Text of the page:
Drawing on her own experiences as a Workbar employee, she remembered a few team outings as especially cohesive. “There was a cooking class we all did at ArtEpicure that broke us into teams and out of our comfort zone. I think that’s important.”
While it might seem lifted from the Sports page, the methodical process of team building has wide appeal to the still-relevant human factor of modern business. It’s a commitment, and a far cry from the hokey rites of summer camp or the company retreat, but the real practice of team building is a game-changer.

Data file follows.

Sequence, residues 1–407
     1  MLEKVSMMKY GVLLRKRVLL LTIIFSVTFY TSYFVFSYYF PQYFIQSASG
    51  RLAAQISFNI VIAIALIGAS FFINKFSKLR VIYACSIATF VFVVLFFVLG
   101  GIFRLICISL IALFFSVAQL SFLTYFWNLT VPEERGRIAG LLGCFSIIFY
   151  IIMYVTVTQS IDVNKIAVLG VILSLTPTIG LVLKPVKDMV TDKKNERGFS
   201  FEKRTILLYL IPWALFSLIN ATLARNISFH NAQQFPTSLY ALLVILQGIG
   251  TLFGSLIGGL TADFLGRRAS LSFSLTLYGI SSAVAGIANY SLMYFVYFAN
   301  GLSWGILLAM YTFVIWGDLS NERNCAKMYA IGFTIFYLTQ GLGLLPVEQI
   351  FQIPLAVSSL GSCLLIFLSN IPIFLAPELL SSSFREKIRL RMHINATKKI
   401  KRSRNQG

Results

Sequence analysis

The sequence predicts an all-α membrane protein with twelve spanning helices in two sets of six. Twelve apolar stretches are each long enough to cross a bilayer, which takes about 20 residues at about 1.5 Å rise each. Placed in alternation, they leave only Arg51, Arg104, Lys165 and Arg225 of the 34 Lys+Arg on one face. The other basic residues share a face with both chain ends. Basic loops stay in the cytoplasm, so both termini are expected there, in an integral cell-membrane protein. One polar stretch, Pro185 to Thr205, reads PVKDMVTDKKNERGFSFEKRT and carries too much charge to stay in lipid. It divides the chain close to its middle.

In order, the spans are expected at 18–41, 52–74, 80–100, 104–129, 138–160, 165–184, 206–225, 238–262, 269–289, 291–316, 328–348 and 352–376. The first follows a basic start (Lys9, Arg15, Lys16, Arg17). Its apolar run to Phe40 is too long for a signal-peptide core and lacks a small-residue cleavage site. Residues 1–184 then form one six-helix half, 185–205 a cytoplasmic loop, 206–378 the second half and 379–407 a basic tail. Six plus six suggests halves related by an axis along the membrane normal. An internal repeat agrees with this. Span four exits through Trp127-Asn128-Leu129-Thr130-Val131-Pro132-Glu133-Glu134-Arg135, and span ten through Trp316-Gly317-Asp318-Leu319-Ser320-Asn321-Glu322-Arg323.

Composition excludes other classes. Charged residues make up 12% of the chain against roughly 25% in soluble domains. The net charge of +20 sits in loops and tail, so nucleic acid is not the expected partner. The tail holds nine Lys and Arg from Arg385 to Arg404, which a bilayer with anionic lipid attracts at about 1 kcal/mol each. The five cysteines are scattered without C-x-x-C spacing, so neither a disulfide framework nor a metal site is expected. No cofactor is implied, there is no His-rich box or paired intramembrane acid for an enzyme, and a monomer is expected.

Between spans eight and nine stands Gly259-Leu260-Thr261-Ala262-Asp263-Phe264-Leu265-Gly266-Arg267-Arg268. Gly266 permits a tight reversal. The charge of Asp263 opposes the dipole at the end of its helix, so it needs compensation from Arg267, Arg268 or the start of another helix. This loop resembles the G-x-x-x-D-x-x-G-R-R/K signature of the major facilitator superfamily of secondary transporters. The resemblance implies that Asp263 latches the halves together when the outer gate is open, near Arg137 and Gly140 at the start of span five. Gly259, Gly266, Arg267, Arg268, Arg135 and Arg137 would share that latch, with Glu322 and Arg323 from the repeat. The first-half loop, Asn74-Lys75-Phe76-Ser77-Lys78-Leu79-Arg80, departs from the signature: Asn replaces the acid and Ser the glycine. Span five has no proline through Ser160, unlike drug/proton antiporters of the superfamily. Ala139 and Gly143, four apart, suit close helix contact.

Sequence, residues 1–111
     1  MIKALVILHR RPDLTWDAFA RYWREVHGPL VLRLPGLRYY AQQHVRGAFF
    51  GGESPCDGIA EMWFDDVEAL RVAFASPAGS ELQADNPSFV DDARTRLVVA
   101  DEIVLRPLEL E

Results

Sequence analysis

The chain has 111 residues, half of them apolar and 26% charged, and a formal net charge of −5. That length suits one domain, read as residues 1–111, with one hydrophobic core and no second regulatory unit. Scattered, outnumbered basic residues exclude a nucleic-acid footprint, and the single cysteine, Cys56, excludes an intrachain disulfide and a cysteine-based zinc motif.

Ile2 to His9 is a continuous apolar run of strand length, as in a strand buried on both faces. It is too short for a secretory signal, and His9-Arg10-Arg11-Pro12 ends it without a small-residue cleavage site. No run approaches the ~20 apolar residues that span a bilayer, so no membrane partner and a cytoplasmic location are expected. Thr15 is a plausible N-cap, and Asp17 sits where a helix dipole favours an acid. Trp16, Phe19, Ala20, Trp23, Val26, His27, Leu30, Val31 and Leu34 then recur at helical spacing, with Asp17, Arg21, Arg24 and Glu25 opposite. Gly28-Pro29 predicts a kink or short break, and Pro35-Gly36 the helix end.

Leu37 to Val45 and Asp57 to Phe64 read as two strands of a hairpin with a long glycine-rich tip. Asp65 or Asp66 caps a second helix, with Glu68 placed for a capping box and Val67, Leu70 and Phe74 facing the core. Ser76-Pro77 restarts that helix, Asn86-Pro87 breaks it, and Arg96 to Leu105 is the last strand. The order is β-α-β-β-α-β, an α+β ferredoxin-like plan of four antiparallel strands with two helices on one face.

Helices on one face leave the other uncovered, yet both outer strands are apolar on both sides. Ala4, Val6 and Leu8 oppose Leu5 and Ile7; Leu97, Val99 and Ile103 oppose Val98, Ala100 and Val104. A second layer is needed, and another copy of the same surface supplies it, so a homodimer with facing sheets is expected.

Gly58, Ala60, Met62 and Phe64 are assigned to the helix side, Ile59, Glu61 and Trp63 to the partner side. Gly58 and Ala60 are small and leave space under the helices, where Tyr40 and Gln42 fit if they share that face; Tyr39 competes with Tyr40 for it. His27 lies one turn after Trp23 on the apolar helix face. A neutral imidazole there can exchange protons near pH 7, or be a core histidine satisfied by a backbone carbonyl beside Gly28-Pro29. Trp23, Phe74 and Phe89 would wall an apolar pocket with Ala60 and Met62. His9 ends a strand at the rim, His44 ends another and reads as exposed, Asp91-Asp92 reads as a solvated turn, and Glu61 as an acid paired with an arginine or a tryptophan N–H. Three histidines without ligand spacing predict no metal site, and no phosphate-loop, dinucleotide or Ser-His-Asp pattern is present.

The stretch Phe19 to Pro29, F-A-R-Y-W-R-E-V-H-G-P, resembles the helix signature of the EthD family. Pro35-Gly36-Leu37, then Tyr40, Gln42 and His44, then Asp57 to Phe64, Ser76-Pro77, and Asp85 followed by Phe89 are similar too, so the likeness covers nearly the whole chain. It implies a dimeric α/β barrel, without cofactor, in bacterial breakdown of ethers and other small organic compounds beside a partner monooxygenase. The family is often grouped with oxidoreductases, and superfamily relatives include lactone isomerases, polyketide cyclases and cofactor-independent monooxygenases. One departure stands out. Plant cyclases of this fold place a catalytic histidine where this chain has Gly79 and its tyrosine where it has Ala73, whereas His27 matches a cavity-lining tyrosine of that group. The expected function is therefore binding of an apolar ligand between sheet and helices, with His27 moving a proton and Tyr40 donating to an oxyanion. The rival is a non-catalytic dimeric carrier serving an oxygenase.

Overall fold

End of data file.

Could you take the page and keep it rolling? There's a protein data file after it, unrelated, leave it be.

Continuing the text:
Embrace the intersection of work and life through the Workbar blog’s new channel, “Blur“. Each installment explores new territory in the proving grounds of modern thought and culture in the workplace.
About the Author: Dave Gentry is a fan of progress and recess. He believes in old English, new fortune cookies and he answers to #davertido.